Document – 1921 Census of England

“Document” can be a noun or a verb and, as genealogists, we should be using it as both! Perhaps this week you can share a neat document you’ve found or write about your efforts to document an ancestor. – Amy Johnson-Crow

As a verb, the word DOCUMENT is exactly what I am trying to accomplish by working on compiling our family’s history. As a noun, I am always searching for any and all DOCUMENTS relating to my ancestors’ lives and how they may have left a mark on this world. Sometimes I am lucky, sometimes not.

This past week I received an email that there was a limited-time special for 50% off at Find My Past of the 1921 Census of England & Wales. Never one to pass up a coupon, I thought why not? For me, that worked out to be $ 2.45 USD (about $3.15 CDN) for each image on the Census page.

The first search I tried was for my Grandfather, Walter Edmund Apps who would have been almost 3 years old in 1921. I was lucky and found him and his family living in Greenwich district, sub-district Deptford South.

1921 England Census – Mr. H.E.S Apps

The name of the person responsible for making the return was his father, who of course was my Great-Grandfather, Henry Edmund Samuel APPS.

The columns listed on the 1921 Census were Name and Surname / Relationship to Head / Age / Sex / Marriage or Orphanhood / Birthplace and Nationality / Personal Occupation / Employment / Place of Work / Number and Ages of all Living Children.

  • Henry Edmund Samuel Apps / Head / 34 years + 11 m / Male / Married / Hastings, Sussex, Police Constable, Metropolitan Police/ Peckham Police Station
  • Ethel Rosemary Apps / Wife / Female / 35 years + 4 m / Millwall, London
  • Jack William Apps / Son / Male / Both Parents Alive / 14 years / Deptford, London, Part-time school, Indoor Messenger employed by G.P.O. / Submarine Cable Department, Trinity Street, Woolwich.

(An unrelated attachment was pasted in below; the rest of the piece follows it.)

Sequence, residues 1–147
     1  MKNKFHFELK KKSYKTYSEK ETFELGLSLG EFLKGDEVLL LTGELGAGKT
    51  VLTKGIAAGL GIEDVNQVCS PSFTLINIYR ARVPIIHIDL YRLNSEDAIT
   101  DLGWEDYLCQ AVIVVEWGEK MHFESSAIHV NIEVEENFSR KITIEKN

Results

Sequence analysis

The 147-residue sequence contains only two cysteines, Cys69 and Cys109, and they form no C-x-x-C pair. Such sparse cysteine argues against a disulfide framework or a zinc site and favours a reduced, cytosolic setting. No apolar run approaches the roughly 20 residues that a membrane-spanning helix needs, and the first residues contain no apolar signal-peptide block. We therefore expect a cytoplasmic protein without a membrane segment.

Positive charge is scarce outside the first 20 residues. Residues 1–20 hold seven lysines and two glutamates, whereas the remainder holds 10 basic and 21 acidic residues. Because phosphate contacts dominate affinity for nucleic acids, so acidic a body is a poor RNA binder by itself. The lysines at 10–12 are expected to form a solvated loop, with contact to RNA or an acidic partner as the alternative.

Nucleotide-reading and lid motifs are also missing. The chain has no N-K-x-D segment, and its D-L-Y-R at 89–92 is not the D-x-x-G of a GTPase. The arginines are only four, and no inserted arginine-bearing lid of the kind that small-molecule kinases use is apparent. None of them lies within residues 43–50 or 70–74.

• Henry Ronald Apps / Son / Male / 11 years + 10 m / Camberwell, London, School – whole-time
  • Lilian Dorothy Apps / Daughter / Female 10 years + 8 m / Southwark, London, School – whole-time
  • Nellie Agnes Apps / Daughter / Female / 7 years + 8 m / Southwark, London, School – whole-time
  • Arthur Petrie Apps / Son / Male / 5 years + 10 m / Southwark, London, School – whole-time
  • Walter Edmund Apps / Son / Male / 2 years + 10 m / Southwark, London

Ordering this Census unveiled a couple of pieces of new information for me. First, is the address where the family was living – 52 Kender Street in Deptford, UK. I Googled the home address and it looks to me like the building is still there. The place of work for my Great-Grandfather is listed as the Peckham Police Station, which looks to be still standing as well.

Another couple of places added to my travel bucket list!


Another interesting tidbit was that my Grandfather’s eldest brother, Jack William Apps, at the age of 14 was employed by the GPO as an Indoor Messenger at the Trinity Street Submarine Cable Department in Woolwich. I had no concept of what this all meant, so I did some searching…what was the GPO? The General Post Office. What is a submarine cable? They were communications cables that were laid on the sea bed to carry signals across the oceans. I would then suppose then that he was employed as a messenger to carry those messages once received.


I also found my 2x Great-Grandfather, Thomas Brooks Newitt, aged 74 years + 11 months, living with his sister-in-law (both of them widows). Her name was Martha Jane Newitt – she was listed as a shopkeeper. Also living at this address at the time of the Census were her adult children, Herbert Haynes Newitt & Florence Mary Haynes Newitt (both single).

Overall, I am very pleased with the DOCUMENTS I found at Find My Past. For less than I would have spent on a coffee, I learned a few more interesting facts about my family. According to their website, the fees will “cover the cost of digitising and transcribing the 18,235,242 images created from the records supplied exclusively to us by The National Archives. It means these precious records are accessible, commitment-free, for everyone.”


*I’m participating in Amy Johnson-Crow’s 52 Ancestors Challenge. This was week # 17 (Apr.26 – May 2) DOCUMENT.

  2 comments for “Document – 1921 Census of England

  1. May 2, 2022 at 6:03 am

    Isn’t it fun to learn about the places they lived and the work they did?

    Liked by 2 people

Leave a Reply

Fill in your details below or click an icon to log in:

WordPress.com Logo

You are commenting using your WordPress.com account. Log Out /  Change )

Twitter picture

You are commenting using your Twitter account. Log Out /  Change )

Facebook photo

You are commenting using your Facebook account. Log Out /  Change )

Connecting to %s

%d bloggers like this: